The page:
The mental Mt. Everest baseball players climb is severe when they have either Monday or Thursday off every week. Imagine working every day but one for 5 weeks.
They’re not bustin’ bricks, Doc.
Nope, but even ballplayers benefit from a break these guys aren’t getting. This is where a manager can be important and where I believe DBell can be valuable. He has a laid-back style, he played a long time, he understands the demands. He knows seasons aren’t lost in a week or even two weeks.
Knowing when to speed and when to cool it involves knowing your players, and them knowing you respect their needs and moods. I think Bell is good at that. It’s not coincidence that the Reds have survived a couple deep ruts this year.
Resilience, comfort, chemistry – whatever you want to call it – is cultivated by the manager. Can those intangibles cover for a lack of talent? Usually, no. But that’s not the manager’s issue, or his players’ problem.
All that said, this remains an absolutely average ballclub: 31-31 last year including the playoffs, 37-37 this year. The five years of tanking wasn’t supposed to produce two years of mediocrity. It better get better.
WHY DO THE REDS HATE SHOGO? Some of us can’t understand why Heineman (15 Ks in 29 ABs before Sunday) gets PT over Akiyama. Aristides Aquino has made a career out of one great month. He’s more valuable than Shogo?
What am I missing?
Akiyama is a good defender. He’s one of the few Reds who can run fast. He knows how to play the game. With more frequent ABs – certainly more frequent than Heineman and Aquino – he might get his average up to respectability. Regardless, he’s a better baseball player, IMO, than those guys.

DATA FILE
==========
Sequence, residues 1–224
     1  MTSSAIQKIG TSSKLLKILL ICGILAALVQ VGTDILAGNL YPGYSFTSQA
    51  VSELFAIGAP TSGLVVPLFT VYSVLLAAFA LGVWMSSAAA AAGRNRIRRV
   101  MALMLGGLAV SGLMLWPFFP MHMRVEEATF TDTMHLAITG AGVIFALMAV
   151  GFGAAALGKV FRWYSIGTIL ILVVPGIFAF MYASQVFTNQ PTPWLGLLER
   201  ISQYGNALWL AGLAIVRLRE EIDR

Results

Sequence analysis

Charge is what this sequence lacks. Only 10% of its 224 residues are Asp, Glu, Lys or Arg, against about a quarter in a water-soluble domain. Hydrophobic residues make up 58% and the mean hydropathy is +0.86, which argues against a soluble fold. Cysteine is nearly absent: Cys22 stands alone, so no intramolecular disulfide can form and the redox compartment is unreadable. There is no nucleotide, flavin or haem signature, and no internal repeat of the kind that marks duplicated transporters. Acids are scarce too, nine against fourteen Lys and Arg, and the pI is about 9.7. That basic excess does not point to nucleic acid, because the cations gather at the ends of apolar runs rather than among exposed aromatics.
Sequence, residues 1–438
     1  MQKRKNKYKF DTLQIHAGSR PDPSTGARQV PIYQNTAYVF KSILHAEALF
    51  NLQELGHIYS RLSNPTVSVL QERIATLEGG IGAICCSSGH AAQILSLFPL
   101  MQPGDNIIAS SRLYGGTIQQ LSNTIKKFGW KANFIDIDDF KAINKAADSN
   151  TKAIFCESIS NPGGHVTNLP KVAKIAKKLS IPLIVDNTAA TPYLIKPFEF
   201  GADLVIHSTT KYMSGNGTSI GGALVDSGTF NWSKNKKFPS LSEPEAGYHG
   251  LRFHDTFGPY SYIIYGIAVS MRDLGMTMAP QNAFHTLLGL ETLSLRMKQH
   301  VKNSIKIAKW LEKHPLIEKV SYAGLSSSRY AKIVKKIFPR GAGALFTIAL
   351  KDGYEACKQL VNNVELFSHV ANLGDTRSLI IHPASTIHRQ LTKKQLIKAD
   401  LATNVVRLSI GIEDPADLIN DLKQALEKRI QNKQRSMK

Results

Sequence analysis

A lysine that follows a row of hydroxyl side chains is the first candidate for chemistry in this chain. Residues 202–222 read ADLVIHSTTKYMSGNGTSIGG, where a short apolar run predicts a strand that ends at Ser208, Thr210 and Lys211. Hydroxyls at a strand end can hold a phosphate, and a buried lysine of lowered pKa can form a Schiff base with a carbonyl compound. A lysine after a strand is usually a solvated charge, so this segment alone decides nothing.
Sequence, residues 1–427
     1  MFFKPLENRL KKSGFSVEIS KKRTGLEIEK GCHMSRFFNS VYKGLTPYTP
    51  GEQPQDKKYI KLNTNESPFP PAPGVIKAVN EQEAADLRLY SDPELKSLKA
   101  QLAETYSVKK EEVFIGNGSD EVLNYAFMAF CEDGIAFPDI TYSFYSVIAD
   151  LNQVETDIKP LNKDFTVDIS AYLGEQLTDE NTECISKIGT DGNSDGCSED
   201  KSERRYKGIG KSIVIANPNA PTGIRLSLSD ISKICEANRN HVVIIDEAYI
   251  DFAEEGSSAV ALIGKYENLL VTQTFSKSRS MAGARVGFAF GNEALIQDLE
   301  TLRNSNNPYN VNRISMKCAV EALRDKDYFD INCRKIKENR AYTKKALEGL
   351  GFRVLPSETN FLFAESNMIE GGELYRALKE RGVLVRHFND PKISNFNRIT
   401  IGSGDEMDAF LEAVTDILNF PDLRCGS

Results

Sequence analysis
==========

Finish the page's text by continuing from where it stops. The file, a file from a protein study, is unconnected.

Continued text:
MIKE SCHMIDT SPEAKS:
“The decline of hitting today lies directly in the hitters’ inability to hit the high fastball and the lack of accountability for striking out. Learn to hit, or take the high fastball and make contact more often. That would narrow this gap quickly.’’ (AP)
I used to chuckle when Aroldis Chapman worked here. If any Reds pitcher ever had an unhittable high fastball, it was Chapman. And still, no hitter could lay off it. Nothing has changed. Hitters still flail at high heat. Wait ‘til Greene gets here. LaRosa’s all around.
ON THE REDS MUST-DO LIST. . . Richard Rodriguez, Ian Kennedy and Yimi Garcia, relief pitchers
Today’s brand of postseason baseball calls for a heavy dosage of relief pitchers. In Rodriguez (Pirates), Kennedy (Rangers) and Garcia (Marlins), who are all in contract years, teams have their choice of an assortment of right-handers to bolster their bullpens.
Among qualified relief pitchers, Rodriguez has the second lowest walk rate in the NL, music to any manager’s ears. (NY Daily News)
BECAUSE TV IS MY LIFE. . .I’m seeking novel TV enlightenment. We’re outta shows, having just run through Season 2 of Dirty John, which was very good and almost all of The Underground Railroad, which could be dazzling and dull, all in the same episode. In Treatment is OK and we finished the latest season of The Kominsky Method (fabulous).
Whddaya got, Mobsters?
TUNE O’ THE DAY. . . I’ve always liked this tune. I especially liked it in the scene in Diner. Popcorn, movie theatre, Mickey Rourke. And that’s all I’m gonna say about that.